Louise Pyne explores South-East Asia with her two-year-old son
With as much a spirit of adventure as a sense of trepidation at the thought of taking our toddler, Leo, halfway across the world, we set off on an epic 12-hour plane ride to Vietnam’s cosmopolitan Ho Chi Minh City. Formerly known as Saigon, Ho Chi Minh City happens to be far more of a family destination than you might assume. While this sprawling metropolis is pretty chaotic, it also offers a perfect mix of activity and relaxation that’s suited to family life.
Ho Chi Minh City is the place where you can spend the morning marvelling at mega malls, skyscrapers, street markets and Buddhist temples, yet kick back for some quality family time come the afternoon. We were staying at The Reverie, a sky-high hotel located in the heart of the city, which offered a welcome break from the hustle and bustle. The huge outdoor pool was our go-to hangout, providing plenty of splashing fun for Leo and sun-soaking time for mum and dad.
When it comes to dining options, The Reverie is in a class of its own. With five restaurants serving everything from local cuisine to Italian and Chinese dishes, the chefs are more than happy to make child-friendly meals off the menu that will suit even the fussiest of toddlers. And before our stay in Ho Chi Minh City came to an end, I made a conscious effort to fit in an afternoon session at the hotel’s state-of-the-art spa, where you’ll find everything from salt crystal body wraps to ocean-inspired facials on offer, plus a sauna, steam room, beauty salon and hair salon.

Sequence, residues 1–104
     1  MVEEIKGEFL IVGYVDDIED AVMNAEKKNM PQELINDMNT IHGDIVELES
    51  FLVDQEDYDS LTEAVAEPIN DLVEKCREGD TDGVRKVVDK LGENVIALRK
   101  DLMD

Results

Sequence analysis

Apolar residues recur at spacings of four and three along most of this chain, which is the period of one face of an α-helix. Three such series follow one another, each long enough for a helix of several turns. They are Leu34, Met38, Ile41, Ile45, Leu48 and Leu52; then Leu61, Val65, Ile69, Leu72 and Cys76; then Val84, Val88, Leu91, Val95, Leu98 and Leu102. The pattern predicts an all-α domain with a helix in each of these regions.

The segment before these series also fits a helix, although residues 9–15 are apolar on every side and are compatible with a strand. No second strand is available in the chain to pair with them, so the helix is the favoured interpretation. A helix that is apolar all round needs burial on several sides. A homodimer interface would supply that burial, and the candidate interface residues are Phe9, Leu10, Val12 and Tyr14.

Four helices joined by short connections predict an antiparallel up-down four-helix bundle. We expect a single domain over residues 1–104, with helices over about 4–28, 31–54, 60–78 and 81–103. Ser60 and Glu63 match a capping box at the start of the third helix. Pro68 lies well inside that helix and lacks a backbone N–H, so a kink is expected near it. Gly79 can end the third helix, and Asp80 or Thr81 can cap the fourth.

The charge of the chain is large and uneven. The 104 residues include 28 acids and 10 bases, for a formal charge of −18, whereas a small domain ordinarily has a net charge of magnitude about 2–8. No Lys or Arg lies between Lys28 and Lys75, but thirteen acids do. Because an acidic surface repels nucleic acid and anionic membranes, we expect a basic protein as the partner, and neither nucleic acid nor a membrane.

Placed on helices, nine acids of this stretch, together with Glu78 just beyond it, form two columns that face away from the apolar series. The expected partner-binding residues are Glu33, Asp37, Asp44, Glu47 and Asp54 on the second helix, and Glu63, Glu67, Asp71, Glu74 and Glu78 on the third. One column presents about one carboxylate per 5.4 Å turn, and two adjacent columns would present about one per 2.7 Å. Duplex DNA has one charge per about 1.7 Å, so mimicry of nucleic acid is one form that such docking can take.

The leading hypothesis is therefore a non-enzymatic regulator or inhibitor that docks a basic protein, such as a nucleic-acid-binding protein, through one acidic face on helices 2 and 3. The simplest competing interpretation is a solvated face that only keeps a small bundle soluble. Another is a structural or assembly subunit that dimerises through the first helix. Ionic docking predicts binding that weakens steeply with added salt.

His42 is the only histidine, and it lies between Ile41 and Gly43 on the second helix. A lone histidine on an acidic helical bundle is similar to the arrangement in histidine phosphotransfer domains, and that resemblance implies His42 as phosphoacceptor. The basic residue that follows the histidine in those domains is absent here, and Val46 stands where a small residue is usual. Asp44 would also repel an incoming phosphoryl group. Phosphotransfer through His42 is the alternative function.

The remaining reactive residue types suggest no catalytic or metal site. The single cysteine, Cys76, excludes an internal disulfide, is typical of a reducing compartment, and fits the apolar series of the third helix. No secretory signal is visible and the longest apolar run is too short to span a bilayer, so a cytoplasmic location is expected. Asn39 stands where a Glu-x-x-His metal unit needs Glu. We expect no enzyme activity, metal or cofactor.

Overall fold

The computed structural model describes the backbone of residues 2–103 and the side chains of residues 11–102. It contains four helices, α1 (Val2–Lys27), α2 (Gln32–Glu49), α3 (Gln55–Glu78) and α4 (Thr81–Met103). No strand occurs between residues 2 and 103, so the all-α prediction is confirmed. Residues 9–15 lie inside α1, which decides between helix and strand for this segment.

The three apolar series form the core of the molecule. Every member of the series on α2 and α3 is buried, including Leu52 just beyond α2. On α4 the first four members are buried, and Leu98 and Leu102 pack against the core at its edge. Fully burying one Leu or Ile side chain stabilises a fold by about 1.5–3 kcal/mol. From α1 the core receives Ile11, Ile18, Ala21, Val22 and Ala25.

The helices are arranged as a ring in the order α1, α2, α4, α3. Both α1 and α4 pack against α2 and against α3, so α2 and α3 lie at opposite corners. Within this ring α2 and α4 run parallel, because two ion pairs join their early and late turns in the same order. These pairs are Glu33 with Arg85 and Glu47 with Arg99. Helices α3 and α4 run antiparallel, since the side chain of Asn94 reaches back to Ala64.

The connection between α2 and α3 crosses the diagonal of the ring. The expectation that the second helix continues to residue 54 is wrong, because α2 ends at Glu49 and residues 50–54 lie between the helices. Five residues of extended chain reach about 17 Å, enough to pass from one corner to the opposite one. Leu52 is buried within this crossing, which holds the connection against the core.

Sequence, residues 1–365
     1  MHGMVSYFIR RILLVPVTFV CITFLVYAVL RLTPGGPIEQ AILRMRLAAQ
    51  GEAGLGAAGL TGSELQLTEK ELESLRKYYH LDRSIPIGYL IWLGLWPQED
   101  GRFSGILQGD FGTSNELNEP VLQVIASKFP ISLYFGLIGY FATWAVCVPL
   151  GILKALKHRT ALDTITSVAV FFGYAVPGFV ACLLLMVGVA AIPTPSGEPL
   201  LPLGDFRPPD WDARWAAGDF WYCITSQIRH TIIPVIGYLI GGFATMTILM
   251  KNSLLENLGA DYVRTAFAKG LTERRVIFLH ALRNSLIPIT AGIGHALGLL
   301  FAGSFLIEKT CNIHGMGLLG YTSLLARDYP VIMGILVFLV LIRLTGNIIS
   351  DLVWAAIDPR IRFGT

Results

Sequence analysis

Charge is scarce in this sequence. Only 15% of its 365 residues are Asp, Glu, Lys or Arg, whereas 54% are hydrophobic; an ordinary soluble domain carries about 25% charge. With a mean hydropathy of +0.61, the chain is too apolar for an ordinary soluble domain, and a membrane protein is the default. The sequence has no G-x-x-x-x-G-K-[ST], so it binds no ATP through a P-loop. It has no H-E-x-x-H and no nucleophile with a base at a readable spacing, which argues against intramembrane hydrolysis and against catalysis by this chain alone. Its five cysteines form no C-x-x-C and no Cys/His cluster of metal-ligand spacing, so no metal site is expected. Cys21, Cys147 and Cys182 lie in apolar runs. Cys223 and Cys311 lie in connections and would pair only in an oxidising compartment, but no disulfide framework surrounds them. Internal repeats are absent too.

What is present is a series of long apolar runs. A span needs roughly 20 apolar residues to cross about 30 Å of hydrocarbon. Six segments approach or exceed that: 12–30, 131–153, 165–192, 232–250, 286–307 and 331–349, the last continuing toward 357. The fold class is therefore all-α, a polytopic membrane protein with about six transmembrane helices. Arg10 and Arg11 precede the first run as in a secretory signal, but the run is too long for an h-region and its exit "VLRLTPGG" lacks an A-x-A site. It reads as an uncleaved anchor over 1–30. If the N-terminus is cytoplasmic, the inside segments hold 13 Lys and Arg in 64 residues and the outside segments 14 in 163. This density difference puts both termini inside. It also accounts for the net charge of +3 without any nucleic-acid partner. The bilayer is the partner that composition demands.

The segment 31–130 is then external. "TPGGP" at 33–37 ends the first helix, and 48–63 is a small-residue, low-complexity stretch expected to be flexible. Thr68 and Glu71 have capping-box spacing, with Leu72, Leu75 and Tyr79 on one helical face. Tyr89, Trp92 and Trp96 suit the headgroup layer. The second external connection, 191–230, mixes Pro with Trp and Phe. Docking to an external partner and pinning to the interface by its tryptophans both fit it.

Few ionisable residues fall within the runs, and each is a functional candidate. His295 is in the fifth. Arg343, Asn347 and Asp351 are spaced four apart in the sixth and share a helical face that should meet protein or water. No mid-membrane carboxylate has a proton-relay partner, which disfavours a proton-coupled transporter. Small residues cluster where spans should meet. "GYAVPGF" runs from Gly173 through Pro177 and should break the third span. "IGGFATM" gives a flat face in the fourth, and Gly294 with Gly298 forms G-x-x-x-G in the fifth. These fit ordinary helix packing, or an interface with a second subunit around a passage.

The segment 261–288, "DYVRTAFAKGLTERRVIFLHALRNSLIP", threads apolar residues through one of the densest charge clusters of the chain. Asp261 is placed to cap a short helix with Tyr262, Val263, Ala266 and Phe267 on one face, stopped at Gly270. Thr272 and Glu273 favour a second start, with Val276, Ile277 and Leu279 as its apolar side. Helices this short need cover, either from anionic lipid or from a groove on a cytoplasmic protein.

After a week in the big smoke, it was time to head to our second destination, the quaint town of Hoi An. Located in central Vietnam, just an hour’s flight from Ho Chi Minh City, Hoi An’s colourful lantern-lit cobbled streets are made for families. We whiled away the days in the old town, browsing boutiques and soaking up the town’s café culture while chatting to the friendly locals. The picturesque river front also gives you the chance to explore the tranquil surroundings by boat, for an hour or so.
Hoi An is also a bicycle-friendly town so it made sense for us to rent a mountain bike (which came fitted with a child seat) for an afternoon of sightseeing. We meandered through the stunning patchwork of rice paddies, spotted exotic birds and water buffalo, and watched farmers tending to the land wearing their traditional conical hats. Leo was in awe. And after we’d had our fill of town and country life, it was time to hit the powder-soft sands of Cua Dai beach, where we had plenty of fun making sandcastles in the sunshine.
Two wonderful weeks later, it was time to return to London. All three of us knew we would miss the laidback locals and colourful culture. Vietnam is a very special place, and we’d go back in a heartbeat!